Sexting – the Law

Over the past two years has featured a number of articles about sexting, starting with the film ‘Megan sends a sext‘. Mostly we’ve focused on digital reputation and the fact that once a sext photo gets into the wild then it’s virtually impossible to stop it surfacing again, and again, and again.

Whilst digital reputation is important, what children need to realise is that sexting can be a crime, depending on the age of the people sexting and whether the pictures would be considered ‘offensive’ or ‘indecent’ by a court.

In Australia the maximum penalty for making, sending or having child abuse material is 15 years in jail!

The website, operated by the National Children’s and Youth Law Centre, has pages which explain exactly how sexting can be a crime and provides examples of sexting situations. The pages are aimed at young people and are written accordingly.

The law in Australia can vary from state to state, so please click on your state or territory to find out about sexting and the law where you live:

In addition there is an excellent Sexting Fact Sheet, focused on the law in New South Wales.

It is critical that parents have the conversation with their children about sexting  – show them this website, make them read this fact sheet, and make sure that they are aware of the consequences.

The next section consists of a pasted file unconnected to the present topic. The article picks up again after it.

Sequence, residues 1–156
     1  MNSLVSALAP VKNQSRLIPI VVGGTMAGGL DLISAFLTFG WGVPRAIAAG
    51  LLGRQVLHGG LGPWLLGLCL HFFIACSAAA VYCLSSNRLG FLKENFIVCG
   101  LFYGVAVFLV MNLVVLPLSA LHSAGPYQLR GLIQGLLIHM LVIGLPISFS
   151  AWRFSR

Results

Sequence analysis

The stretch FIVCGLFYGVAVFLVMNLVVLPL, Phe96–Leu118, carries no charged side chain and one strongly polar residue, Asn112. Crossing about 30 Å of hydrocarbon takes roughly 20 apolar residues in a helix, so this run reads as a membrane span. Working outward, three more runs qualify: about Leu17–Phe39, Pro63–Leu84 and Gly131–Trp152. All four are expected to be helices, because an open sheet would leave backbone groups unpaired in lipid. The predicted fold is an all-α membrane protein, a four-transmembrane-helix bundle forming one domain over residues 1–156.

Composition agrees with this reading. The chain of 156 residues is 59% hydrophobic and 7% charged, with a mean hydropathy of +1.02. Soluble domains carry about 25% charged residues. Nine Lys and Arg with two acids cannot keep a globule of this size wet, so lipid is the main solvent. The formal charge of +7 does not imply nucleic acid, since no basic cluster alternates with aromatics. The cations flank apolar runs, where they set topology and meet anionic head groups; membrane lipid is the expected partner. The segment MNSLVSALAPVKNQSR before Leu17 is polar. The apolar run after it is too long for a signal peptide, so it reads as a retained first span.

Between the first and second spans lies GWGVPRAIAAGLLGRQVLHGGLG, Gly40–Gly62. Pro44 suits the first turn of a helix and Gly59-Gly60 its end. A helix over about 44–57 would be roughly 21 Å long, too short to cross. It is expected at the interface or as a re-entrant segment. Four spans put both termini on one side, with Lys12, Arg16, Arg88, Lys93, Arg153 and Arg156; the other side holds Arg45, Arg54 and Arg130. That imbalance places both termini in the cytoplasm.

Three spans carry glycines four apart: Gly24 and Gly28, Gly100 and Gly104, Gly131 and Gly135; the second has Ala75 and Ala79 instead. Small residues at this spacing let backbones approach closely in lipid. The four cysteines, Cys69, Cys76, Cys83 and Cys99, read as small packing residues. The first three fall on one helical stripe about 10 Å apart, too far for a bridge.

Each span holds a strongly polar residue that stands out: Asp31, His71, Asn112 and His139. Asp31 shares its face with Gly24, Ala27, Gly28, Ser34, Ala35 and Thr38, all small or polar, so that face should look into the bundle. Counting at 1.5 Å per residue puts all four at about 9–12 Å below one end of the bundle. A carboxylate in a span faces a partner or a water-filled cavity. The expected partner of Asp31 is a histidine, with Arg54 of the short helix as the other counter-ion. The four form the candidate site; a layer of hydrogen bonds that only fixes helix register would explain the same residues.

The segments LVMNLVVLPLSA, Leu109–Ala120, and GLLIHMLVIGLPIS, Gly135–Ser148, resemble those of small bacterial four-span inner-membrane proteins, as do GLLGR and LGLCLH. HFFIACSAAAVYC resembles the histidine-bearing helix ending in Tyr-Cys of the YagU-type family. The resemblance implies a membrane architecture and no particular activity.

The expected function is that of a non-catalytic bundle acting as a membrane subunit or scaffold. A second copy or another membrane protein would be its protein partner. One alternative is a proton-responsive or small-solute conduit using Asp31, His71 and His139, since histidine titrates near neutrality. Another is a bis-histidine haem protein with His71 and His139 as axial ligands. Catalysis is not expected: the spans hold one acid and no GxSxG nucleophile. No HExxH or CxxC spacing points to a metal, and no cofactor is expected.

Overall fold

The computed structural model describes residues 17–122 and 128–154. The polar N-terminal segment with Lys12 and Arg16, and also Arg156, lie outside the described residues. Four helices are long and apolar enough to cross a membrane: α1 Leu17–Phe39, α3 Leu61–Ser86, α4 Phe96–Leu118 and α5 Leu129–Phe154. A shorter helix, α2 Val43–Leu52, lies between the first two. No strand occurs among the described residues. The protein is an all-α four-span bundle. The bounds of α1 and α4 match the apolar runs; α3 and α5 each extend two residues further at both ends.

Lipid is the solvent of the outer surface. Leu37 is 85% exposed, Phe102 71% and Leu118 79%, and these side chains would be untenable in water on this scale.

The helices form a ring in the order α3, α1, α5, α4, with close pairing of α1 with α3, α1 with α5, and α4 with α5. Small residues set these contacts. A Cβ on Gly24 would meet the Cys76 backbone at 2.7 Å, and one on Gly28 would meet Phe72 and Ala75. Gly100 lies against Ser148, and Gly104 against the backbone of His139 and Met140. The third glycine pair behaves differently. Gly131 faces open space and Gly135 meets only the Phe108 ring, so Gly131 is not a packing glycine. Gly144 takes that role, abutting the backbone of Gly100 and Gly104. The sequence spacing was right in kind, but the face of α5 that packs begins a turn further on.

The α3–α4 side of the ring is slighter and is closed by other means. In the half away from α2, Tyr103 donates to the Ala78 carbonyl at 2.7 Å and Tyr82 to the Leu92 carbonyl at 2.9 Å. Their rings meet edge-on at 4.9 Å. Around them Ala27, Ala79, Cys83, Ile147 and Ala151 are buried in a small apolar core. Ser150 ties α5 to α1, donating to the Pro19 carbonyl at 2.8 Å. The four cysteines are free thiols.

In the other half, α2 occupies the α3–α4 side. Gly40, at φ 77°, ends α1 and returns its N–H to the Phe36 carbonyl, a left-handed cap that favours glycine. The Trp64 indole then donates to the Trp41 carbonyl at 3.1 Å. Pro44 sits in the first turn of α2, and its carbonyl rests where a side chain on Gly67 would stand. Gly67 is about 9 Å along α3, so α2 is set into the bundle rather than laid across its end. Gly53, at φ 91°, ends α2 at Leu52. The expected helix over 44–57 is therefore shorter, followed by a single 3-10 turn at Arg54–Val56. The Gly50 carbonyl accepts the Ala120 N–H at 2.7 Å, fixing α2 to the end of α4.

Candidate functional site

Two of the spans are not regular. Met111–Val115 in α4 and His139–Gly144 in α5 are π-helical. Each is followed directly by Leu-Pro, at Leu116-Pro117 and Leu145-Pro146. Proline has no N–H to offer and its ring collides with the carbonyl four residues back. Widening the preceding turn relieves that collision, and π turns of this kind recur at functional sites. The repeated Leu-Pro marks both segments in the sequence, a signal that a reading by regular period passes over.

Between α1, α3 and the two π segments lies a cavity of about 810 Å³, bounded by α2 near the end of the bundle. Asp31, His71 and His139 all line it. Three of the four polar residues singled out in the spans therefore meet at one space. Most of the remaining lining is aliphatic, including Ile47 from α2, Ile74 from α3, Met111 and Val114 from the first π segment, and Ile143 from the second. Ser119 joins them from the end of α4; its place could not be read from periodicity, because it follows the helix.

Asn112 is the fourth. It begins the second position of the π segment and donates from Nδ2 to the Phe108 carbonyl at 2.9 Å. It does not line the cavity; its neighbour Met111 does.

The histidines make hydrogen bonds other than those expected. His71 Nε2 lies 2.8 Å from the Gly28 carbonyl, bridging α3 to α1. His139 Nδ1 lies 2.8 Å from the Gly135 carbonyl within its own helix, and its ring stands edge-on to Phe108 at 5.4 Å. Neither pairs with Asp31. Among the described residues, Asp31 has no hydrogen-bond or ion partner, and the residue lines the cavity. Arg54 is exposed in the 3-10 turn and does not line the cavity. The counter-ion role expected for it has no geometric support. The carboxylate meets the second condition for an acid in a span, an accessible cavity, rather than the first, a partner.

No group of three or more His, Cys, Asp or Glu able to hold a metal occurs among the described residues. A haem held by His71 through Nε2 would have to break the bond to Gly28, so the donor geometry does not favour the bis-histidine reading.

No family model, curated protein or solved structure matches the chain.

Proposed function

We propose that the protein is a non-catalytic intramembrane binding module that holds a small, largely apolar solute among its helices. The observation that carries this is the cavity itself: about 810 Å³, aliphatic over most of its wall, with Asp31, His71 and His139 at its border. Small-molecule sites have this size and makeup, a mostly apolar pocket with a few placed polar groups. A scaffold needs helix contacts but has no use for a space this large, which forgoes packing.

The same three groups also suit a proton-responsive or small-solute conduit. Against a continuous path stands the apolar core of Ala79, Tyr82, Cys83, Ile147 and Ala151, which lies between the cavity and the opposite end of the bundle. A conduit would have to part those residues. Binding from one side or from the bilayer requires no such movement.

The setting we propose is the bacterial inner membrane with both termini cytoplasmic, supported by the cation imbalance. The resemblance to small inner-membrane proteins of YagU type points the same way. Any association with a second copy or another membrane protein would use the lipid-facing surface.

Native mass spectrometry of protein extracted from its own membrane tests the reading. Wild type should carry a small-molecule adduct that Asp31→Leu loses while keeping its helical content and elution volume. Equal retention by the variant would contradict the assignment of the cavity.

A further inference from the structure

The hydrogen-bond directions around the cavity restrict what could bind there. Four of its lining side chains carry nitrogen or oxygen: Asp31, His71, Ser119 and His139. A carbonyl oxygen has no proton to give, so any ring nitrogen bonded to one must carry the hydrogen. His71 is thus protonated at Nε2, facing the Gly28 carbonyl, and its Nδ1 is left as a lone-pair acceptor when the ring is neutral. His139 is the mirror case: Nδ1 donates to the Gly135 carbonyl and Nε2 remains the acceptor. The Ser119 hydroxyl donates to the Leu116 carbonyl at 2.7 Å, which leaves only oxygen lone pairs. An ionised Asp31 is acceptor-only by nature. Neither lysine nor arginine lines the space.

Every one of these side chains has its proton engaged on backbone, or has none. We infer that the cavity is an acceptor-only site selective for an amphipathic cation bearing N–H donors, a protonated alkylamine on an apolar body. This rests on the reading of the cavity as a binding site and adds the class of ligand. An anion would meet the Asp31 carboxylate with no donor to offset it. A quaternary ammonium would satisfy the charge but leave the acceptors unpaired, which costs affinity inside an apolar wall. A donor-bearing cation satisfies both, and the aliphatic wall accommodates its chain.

About Gavin May

Gavin May is a parent at Ivanhoe Grammar School and formerly the Director of ICT. is aimed at helping parents live in a connected world, where the internet is central to much of what we do, and certainly much of what our children do. The easy option is to just block it - the better option is to get involved and stay informed.
This entry was posted in Cyber Crime, Cyber Safety, Dangers, Digital Citizenship, Digital Reputation, Internet safety and tagged , , , , , , . Bookmark the permalink.

3 Responses to Sexting – the Law

  1. Pingback: Top Sexting Tips for Teens and Parents | – Living in a Connected World

  2. Pingback: The Project – Get the message on sexting | – Living in a Connected World

  3. Pingback: Sexting | The Geelong College

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